Chef Tetsuya Saotome of Mikawa Zezankyo has been making tempura for 55 years. He is a well-known master and embodies the spirit of the shokunin. For some reason, I do not feel compelled to seek out whether Mikawa has the best tempura. I think that his restaurant and his food leave a honest feeling, one that still inspired me even a year after my first visit. Saotome-san has much in common with Jiro in their approach, and you can see them eating at each other's restaurant in this video. The tempura is in the traditional Edo style, but the restaurant truly has a feeling of warmth and simplicity. It is quite unique, decorated more like a house than a restaurant. The exterior has murals and flowers and the interior has a large cowboy hat-shaped fan above his tempura fryer.
When the reservation was made, the restaurant mentioned: “We are waiting for your visit from the bottom of our heart.” Although some people believe that the Japanese rely on empty politeness, I believe that Mikawa’s hospitality is particularly touching, even if he has a stern look while cooking. I read that he lives on the 4th floor of this house, something I did not know when I first went there, yet I had felt the feeling of entering his house. He is known as a master, but keeps his prices low. Even though he does not speak English, which I am certain must be uncomfortable for him, he allows customers to make a reservation through OpenTable, I assume as a sign that foreigners are truly welcome. While it is likely that they say this phrase to everyone that comes to their restaurant, in my opinion it does not diminish its purpose or impact. Oftentimes, you may notice that Japanese chefs wear the same tie every day, or they will serve the same dessert (yokan at Matsukawa, melon at Jiro). I think that this is a key difference between North Americans and Japanese people: the latter do not shy away from simply doing the same thing.
I find it so touching that someone who has made tempura for 55 years wants me to know that they are waiting for their visitors from the bottom of his heart. Of course, that is obvious to me as he already has other restaurants and does not need to keep working. The only logical explanation is that Saotome-san is happy to work and takes pleasure from making his customers happy. I have not been to Nanachome Kyoboshi but it is likely that it would be “better” than Mikawa, either with more expensive ingredients or a thinner batter. But it does not bother me at all. I feel extremely happy to think back to my time at Mikawa. Seeking the “best” is not where happiness comes from in life.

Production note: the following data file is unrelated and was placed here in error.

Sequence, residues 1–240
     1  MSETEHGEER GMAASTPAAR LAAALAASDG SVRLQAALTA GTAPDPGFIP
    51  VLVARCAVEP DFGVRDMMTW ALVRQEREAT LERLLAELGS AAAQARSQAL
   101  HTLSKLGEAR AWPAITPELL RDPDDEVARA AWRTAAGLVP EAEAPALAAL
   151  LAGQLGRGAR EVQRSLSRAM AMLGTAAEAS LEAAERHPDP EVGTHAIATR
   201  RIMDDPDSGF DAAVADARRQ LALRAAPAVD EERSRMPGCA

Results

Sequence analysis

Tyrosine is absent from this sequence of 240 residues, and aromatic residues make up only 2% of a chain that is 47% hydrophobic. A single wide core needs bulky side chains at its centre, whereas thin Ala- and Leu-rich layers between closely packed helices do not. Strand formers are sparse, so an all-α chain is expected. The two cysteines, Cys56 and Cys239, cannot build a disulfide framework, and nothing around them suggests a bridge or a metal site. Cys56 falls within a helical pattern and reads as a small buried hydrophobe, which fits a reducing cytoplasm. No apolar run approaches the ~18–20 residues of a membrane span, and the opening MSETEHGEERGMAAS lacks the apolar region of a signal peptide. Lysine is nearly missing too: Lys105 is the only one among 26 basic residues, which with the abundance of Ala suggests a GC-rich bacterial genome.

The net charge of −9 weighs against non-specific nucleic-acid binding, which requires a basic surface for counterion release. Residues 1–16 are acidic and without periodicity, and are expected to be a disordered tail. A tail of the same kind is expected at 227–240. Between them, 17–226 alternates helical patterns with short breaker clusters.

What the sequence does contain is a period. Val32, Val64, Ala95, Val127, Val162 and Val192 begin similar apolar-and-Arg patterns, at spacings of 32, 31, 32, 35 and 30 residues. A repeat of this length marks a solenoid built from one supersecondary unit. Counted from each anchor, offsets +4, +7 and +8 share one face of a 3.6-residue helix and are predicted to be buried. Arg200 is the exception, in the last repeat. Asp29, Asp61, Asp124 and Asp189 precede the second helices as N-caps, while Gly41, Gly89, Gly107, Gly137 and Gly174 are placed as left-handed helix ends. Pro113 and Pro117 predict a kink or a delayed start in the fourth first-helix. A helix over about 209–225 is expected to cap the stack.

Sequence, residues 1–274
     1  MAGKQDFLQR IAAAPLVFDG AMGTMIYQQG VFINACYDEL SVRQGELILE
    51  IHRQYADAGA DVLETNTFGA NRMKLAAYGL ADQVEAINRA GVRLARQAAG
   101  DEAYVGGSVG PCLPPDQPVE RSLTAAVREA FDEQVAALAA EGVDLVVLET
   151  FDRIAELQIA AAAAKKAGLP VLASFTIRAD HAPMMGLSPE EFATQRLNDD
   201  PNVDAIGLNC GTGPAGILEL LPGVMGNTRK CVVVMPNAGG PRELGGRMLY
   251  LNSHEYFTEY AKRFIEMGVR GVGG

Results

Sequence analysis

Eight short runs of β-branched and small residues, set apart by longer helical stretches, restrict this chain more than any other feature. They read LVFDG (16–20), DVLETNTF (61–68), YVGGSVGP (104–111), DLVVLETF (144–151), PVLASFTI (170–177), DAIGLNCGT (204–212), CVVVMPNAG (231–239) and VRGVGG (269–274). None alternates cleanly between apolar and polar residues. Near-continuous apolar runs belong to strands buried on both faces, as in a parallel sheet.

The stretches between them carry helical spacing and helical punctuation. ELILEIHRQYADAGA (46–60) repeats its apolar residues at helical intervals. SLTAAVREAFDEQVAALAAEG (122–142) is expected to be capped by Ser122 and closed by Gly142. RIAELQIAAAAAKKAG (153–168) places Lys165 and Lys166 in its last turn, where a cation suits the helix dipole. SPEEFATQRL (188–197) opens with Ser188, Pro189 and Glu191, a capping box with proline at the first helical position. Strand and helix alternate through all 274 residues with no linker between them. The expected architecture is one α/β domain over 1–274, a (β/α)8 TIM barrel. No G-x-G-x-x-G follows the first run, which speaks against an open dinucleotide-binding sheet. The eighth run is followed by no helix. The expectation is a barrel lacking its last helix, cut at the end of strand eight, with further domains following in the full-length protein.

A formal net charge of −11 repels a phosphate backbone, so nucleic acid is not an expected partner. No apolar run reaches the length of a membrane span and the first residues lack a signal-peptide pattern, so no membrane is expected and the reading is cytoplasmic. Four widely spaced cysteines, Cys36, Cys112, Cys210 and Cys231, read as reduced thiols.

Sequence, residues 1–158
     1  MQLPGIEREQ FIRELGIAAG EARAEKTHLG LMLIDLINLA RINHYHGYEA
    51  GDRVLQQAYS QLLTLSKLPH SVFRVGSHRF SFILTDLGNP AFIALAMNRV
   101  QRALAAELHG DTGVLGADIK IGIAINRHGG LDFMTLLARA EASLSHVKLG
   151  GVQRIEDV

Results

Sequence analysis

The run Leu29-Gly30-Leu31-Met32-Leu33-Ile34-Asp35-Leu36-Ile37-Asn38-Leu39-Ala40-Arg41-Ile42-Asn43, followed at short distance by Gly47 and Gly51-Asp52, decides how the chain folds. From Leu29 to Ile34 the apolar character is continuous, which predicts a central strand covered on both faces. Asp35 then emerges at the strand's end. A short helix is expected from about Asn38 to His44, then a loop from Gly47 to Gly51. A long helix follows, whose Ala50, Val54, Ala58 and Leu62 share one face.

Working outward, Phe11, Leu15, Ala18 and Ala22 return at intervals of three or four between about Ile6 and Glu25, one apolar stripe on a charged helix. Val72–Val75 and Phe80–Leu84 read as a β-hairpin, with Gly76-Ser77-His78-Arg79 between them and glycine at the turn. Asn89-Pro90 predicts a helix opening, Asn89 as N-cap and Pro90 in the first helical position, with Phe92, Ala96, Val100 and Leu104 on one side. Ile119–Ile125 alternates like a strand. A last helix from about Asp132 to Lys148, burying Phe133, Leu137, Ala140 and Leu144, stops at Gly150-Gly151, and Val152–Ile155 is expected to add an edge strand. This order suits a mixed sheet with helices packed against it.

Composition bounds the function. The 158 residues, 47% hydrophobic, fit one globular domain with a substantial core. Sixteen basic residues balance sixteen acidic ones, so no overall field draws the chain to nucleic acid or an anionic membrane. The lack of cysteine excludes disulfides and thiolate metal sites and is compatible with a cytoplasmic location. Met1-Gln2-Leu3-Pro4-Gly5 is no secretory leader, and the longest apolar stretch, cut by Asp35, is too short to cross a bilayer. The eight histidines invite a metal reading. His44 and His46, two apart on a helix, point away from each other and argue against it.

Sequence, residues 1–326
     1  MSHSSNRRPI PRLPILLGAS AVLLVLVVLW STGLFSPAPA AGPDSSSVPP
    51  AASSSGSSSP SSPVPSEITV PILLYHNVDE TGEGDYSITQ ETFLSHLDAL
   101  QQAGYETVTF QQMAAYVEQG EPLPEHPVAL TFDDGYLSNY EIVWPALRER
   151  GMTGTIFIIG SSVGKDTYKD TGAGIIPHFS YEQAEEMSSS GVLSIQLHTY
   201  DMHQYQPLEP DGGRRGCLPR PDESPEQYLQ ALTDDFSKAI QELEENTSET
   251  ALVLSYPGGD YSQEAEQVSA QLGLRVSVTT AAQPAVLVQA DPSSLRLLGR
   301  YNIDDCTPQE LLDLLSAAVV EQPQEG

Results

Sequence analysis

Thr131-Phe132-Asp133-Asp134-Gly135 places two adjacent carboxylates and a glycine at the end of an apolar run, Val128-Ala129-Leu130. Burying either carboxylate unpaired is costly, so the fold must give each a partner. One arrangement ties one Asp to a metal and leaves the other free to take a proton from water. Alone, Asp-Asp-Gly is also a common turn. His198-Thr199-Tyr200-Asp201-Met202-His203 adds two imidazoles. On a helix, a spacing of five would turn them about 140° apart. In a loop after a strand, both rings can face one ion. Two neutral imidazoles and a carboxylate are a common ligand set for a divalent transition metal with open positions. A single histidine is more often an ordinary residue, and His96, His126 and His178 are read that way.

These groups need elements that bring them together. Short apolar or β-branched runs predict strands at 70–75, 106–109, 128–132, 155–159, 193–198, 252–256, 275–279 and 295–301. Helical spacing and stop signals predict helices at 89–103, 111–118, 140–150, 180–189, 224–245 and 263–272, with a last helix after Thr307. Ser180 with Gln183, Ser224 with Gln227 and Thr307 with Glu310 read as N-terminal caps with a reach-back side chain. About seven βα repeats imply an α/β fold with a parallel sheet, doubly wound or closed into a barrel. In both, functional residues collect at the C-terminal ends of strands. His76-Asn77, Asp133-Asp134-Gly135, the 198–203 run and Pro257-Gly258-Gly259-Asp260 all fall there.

I wished to discuss the phrase “We are waiting for your visit from the bottom of our heart” that Mikawa asked my concierge to convey to me, or the “Please come back” that Ishikawa told me at my first visit. Whether or not they are said to all of their guests truly does not detract from their meaning. Instead, it reinforces it. This is the core spirit of the tea ceremony: the guest and the host are equals.
This equality is crucial to the dining experience. In North America, people often say that the customer is the most important, and it is from this mindset that we seek to understand the increased customer focus in Japan. However, it is the opposite. In Japan, the guest and the host are equals. What the host hopes to receive (in consideration for his anticipation of the guest’s needs) are the appreciation of what the host has planned and offered, as well as questions to better understand the meaning behind the experience, and perhaps a suggestion or criticism. Criticism is actually welcome, as long as it is subtle and polite. Because my Japanese is not good enough to ask many questions other than “kore wa nan desuka – what is this?”, I take it upon myself to create the equality by giving a box of macarons to each chef I visit, while saying “tsumaranai mono desu ga – this is nothing, but please accept it”. I would suggest you do the same, to show your appreciation not only of the chef’s effort, but also your understanding of the equality inherent in the experience inspired by the tea ceremony. Although you may think that this will add a significant cost or burden on you, and while you will not get any special treatment for doing so (every customer is already treated in a special way), I believe it will allow you to access a deeper understanding of Japanese hospitality and culture.
You can learn about the impact of the tea ceremony on kaiseki by reading this article: Yoshinobu Sato & Mark E. Parry, “The influence of the Japanese tea ceremony on Japanese restaurant hospitality”, Journal of Consumer Marketing (2015) volume 32 number 7, pp 520-529.
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